“That 0.18% is pretty far from the figure you previously gave us (around 2%), and is even harder to believe. Do you mean that you are willing to antagonize the vast majority of authors just for 0.18% CTR? Makes little sense. It’s also hard to believe when there are countless threads opened by buyers who felt they were tricked by that infamous banner. Either your people are lying to you, or you didn’t set up the analytics properly, but in any case, something doesn’t add up here.”

Envato’s Transformation Into a Subscription Company Comes at the Expense of Its Exclusive Market Authors

Envato continues to write its own rules due to its early success and has now amassed a vast labor force who depend on the company’s offerings for their livelihoods. Those who are willing to devalue their work for inclusion in a subscription product (that is guaranteed to sell with a more compelling pricing point) are allowed to continue as cogs in a much more profitable machine.

It’s not wrong for Envato to pivot towards becoming a subscription company. To do so at the expense of market authors is unfair. These authors are paying to advertise for a competing library with lost sales from their own products. It exploits the marketplace authors who were hoping to make a sale, since their higher prices are now just a prop for making Elements look more attractive. Their portfolios become a gateway to the subscription service.

Unless Envato changes how it advertises Elements, the company will remain at odds with exclusive market authors’ interests. This is especially true for creators in markets where having their work available to more customers doesn’t instantly translate into more payments.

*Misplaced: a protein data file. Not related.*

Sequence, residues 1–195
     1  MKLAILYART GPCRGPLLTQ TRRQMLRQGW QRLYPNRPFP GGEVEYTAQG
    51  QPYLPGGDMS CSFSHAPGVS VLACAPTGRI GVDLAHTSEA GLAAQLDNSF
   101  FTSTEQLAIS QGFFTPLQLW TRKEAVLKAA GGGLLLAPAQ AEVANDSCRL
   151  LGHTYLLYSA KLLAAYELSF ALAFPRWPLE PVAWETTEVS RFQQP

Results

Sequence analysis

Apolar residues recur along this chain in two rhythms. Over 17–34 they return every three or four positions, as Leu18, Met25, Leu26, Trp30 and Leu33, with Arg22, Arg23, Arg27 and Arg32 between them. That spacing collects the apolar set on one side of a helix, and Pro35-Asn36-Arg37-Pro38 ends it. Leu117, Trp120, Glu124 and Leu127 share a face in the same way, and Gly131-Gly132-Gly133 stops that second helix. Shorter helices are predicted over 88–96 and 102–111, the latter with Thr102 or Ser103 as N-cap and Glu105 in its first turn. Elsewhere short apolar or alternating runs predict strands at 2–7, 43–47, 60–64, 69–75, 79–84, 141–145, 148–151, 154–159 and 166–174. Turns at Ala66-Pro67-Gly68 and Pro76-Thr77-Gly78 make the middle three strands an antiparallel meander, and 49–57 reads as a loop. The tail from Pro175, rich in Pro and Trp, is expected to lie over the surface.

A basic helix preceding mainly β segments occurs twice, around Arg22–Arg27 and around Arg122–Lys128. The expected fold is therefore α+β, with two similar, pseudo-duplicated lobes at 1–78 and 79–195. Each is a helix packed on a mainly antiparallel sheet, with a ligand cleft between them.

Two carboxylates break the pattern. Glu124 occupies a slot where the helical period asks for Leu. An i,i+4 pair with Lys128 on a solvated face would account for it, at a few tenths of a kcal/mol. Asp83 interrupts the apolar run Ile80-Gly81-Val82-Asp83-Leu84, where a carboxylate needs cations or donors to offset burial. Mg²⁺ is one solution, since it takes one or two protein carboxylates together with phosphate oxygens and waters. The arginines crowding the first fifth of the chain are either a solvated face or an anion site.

“Many authors have chosen to set up shop here exclusively and have supported and promoted this marketplace for years,” AudioJungle author Promosapien said in a thread where authors called on the CEO to remove the banner ads.

“Envato is presently making strategic choices that they obviously feel strongly about and feel are necessary for their own viability. Unfortunately, those choices are diminishing the benefits of being an exclusive author here.

“In fact, you could probably make a good argument that there has never been a worse time to be an exclusive author at a marketplace – when that marketplace is actively and continually using its considerable promotional resources to move website visitors away from your portfolio to a newer, cheaper licensing platform (Elements subscription).”

by Sarah Gooding at November 12, 2020 11:47 PM under themeforest

WPTavern: Do Not Build Theme-Specific Block Plugins for WordPress, Please

A few days ago, I came across a small library of blocks. As always, I was interested in seeing what this new plugin brought to the table. Would it surprise me with a block that has not been done before? Would it present a new take on some old ideas? Or, would it be the same old set of blocks that every other block bundle has? Regardless of what it offered, I was excited to try it all the same.

As I clicked on the description to find out more, I was immediately let down. The plugin specifically stated that it was built for only one theme. I could not use it with my preferred theme.

This was not the first time I had run across this issue. Other theme authors have built their own block bundles in the past. The plugin was not bringing anything particularly new to the WordPress community. It had less than a handful of blocks that had already been done before in numerous other plugins.

The problem was that this felt all too familiar.